While celebrating the courage and loyalty engendered by this feudal society, Waverley and its successors encouraged readers to regard the Highlands as the site of history. To cross the Highland line was to go back in time, and tourists flocked to Scotland in the hopes of seeing primitive ways of life before they disappeared. As Scott depicted them, the Highlands seemed to offer an escape from the socio-economic problems and environmental blight created by nineteenth-century urbanization and industrialization. There flourished the primitive virtues that the modern world seemed to have destroyed. Queen Victoria, one of Scott’s most celebrated admirers, perpetuated this distorted image of the Highlands in a journal entry that describes a day spent near Loch Lomond in 1869:
“The scene of our drive today is all described in Rob Roy….high, rugged, and green hills…very fine large trees and beautiful pink heather, interspersed with bracken, rocks, and underwood, in the most lovely profusion, and Ben Lomond towering up before us with its noble range….Hardly a creature did we meet, and we passed merely a very few pretty gentleman’s places, or very poor cottages with simple women and barefooted long-haired lassies and children, quiet and unassuming old men and labourers. This solitude, the romance and wild loveliness of everything here, the absence of hotels and beggars, the independent people, who all speak Gaelic here, all make beloved Scotland the proudest, finest country in the world.”
The Gaelic speaking labourers are for the Queen merely a part of the picturesque landscape, as are their “very poor cottages,” and she doesn’t pause to consider the possible causes of their poverty. Similarly, seeing the landscape through the lens of Scott’s works meant that tourists were likely to overlook the real reasons for the Highlands’ “solitude”: landowners’ forced eviction of their tenants, whom they replaced with more profitable inhabitants such as sheep or deer.
A Dalziel Brothers engraving. Rob Roy (left) gives a mysterious warning to Francis Osbaldistone (right) in the crypt of Glasgow Cathedral, promising to tell him more if he meets him later on. This leads to Francis being pulled in with the rebels. Frontispiece to an 1886 edition of the novel. / Wikimedia Commons
While few of Scott’s readers are as well known today as Queen Victoria, it is fair to say that “To have been alive and literate in the nineteenth century was to have been affected in some way by the Waverley novels.” At a time when the average print run of a new novel was 750 copies, each of the Waverley novels commanded an initial print run of between 6,000 and 10,000 copies, and libraries in London reported ordering between 50 and 70 copies of each novel as it appeared in order to meet readers’ demands.  The Waverley novels were a commercial success in part because, as studies of their publication history have shown, Scott “achieved an ownership of the whole literary production and distribution process from author to reader, controlling…the editing, the publishing, and the printing of the books, the reviewing in the local literary press, [and] the adaptations for the theatre.” The Magician of the North, as Scott was known, was also an entrepreneur, a curator, and a manufacturer, shaping Scotland’s cultural identity through his involvement in every aspect of the Waverley novels’ production and marketing. New developments in the printing industry and in copyright law also extended the reach of the novels by making it possible to issue them in ever cheaper formats well into the nineteenth century. In the late 1820s, the creation of stereotype plates made it feasible to issue the novels in weekly parts, producing a huge surge in sales and introducing a new class of readers to Walter Scott’s Scotland. By the middle of the nineteenth century, Scott was “by several orders of magnitude, the author whose works had sold the largest number of copies in the English-speaking world.”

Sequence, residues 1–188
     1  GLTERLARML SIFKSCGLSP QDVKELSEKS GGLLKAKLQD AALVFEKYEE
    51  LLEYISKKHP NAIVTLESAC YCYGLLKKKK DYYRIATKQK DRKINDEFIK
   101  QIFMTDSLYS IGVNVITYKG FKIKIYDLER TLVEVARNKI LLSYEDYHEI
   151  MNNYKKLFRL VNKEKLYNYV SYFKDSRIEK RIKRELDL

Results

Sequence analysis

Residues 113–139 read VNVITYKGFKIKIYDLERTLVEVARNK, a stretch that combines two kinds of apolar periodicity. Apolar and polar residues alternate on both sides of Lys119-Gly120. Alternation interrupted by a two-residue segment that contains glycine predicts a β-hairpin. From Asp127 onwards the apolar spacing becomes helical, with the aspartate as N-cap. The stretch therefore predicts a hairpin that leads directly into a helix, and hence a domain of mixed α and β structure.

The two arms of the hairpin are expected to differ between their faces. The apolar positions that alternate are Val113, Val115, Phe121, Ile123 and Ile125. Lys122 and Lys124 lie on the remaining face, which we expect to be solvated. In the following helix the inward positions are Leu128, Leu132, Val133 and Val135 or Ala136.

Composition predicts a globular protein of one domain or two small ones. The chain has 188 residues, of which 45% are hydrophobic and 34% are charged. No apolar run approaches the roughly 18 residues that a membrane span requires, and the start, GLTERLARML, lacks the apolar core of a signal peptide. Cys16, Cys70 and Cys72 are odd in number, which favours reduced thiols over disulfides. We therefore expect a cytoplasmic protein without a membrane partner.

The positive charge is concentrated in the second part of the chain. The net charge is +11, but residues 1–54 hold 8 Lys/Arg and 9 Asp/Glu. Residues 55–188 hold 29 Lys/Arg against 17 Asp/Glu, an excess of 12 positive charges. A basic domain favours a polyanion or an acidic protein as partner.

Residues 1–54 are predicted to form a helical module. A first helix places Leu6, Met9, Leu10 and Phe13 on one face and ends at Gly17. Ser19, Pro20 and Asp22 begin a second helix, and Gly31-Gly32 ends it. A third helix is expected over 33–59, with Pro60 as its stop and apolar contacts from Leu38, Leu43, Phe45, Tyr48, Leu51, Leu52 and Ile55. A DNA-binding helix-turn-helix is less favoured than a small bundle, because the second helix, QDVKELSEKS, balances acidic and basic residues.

Even those aspects of literary culture that Scott could not control directly attest to his influence. The Waverley novels inspired numerous imitations and responses, some of which, like John Galt’s “Tales of the West,” have become respected literary works in their own right. Others, like the spurious Tales of My Landlady, an imitation of Scott’s Tales of My Landlord, are best forgotten. In 1820, a novel called Scotch Novel Reading, by Sarah Green, illustrated the pervasiveness of these Waverley knock-offs through its protagonist Alice, a Londoner who declares herself addicted to reading “Scotch novels” of all kinds. Alice dresses in tartan, attempts to speak Scots, and dreams of visiting Scotland until she meets some real Highlanders—dirty, uncouth, and incomprehensible —who put an end to her obsession.